An official selection at the 2009 Berlin International Film Festival and shown at the 33rd Festival des film du monde Montreal (Montreal World Film Festival), Chan di Chummi (Kiss the Moon) is a revealing documentary about the lives of transsexuals in Pakistan. In the opening scene, script writer and director Khalid Gill says that as a child he was mystified by the transsexuals and he has tried to demystify them in the film.
Shot beautifully in Lahore, Chan di Chummi is a probing but compassionate portrayal of the sub-culture of transsexuals in Pakistan. I left the theatre with a heavy heart after seeing the film and couldn’t help but think that despite the discrimination and prejudice against them, these transsexuals are just like any other human beings. Why did we fail to treat them as such? Why did we always dwell on the biological differences and not consider their emotions and feelings? Gill has succeeded admirably in his ‘passionate attempt to forge intimate contact with the transsexual community.’
The documentary features several transsexuals. Focusing in particular on three of them — Ainee, Sonya and Boota — Gill explores in depth the lives of these people shunned by the mainstream society. He examines the myths, folklore and superstitions surrounding them, including the misconception that they can bring good or bad luck upon others.
It is amazing how in a culture that promotes traditional family values, the transsexuals function as a closely knit non-traditional family system. All of them said how they are more comfortable in their adopted transsexual family than they were with their biological families. Although without much formal education, they were quite articulate.
Verging at times on a philosophical acceptance of their lot, they expressed profound thoughts on their physical, psychological and emotional needs and a realistic understanding of what was achievable. They mentioned the mistreatment meted to them by the general public and their own families.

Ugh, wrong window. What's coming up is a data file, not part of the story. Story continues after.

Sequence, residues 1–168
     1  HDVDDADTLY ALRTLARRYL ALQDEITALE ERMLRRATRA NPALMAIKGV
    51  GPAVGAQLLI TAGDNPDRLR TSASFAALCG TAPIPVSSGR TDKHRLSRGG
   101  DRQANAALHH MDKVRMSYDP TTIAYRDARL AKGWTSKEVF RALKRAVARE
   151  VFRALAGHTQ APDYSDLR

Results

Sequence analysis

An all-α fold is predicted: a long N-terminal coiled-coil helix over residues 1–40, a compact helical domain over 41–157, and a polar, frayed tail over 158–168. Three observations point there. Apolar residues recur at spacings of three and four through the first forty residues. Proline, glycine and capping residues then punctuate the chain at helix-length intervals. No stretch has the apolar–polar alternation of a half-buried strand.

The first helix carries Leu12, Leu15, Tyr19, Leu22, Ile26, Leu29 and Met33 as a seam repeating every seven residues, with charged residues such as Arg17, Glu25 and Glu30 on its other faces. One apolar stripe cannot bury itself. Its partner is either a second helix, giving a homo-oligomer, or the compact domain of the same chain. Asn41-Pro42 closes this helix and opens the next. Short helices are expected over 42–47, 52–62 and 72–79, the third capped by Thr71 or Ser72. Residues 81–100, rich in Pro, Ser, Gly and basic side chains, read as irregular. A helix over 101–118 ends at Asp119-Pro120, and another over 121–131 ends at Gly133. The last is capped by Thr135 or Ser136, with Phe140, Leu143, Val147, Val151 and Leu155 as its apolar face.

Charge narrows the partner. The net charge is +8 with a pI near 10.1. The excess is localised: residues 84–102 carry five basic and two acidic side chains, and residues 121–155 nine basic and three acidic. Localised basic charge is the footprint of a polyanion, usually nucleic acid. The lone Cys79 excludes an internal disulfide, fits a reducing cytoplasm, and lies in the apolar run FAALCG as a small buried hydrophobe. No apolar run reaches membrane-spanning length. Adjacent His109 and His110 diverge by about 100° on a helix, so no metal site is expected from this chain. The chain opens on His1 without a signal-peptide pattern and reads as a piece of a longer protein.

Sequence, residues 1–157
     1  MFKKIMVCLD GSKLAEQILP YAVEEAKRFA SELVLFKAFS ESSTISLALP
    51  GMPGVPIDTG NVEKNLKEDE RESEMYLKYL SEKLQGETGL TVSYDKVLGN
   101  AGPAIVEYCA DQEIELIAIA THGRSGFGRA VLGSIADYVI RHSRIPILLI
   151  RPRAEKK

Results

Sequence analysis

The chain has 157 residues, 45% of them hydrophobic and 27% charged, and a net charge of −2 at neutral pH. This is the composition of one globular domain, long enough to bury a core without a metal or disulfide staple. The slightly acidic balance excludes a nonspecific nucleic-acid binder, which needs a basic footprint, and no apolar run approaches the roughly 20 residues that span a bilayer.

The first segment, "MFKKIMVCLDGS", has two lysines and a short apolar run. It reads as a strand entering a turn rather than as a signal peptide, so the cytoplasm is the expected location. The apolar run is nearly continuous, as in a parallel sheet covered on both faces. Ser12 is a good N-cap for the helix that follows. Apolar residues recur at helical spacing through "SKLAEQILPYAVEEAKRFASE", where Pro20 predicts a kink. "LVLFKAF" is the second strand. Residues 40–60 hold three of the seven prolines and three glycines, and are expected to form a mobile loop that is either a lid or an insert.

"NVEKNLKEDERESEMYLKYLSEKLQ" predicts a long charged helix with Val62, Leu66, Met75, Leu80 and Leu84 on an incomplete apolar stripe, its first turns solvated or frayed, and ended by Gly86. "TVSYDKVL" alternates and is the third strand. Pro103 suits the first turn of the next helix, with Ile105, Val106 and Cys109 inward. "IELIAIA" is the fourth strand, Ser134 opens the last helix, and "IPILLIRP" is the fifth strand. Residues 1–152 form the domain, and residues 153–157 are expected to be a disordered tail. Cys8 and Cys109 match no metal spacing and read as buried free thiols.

‘People taunt us and mock us, we bear it in silence most of the time. People say we give Pakistan a bad name,’ said Ainee.
‘My family made me do all the work done by a woman, but they were ashamed of me. They use to beat me because I was different. My parents named me Tariq. I changed it to Sonya because I did not have the feelings of a normal man,’ said Sonya. When asked about her identity, she twisted her hands in a trademark clapping motion and said, ‘This is my identity.’
As the camera pans from the 110-year-old Boota who never got the sex change operation she craved for, to Ainee and Sonya, one gets a glimpse of the relationship of transsexuals to mainstream society in the past and now. Boota recalled the days when they were treated with more respect. She said that in the good old days when a male child was born people depended on the transsexuals for celebration. Nowadays, it is television and imported fabric that have become more important. In spite of changing times, all of them said that they earned enough to get by.
In a world defined by rigid guidelines, where one’s identity is either masculine or feminine, Gill has addressed the larger issue of love and belonging. Though content within their transsexual ‘family’, all of them expressed the desire for a family life of their own. ‘I wish I could find real love… but this cruel world will never let that happen,’ said Sonya.
Produced with German collaboration and released in 2009, the 90-minute Chan di Chummi has music by Ustad Mubarik Ali and Muhammad Shehzad.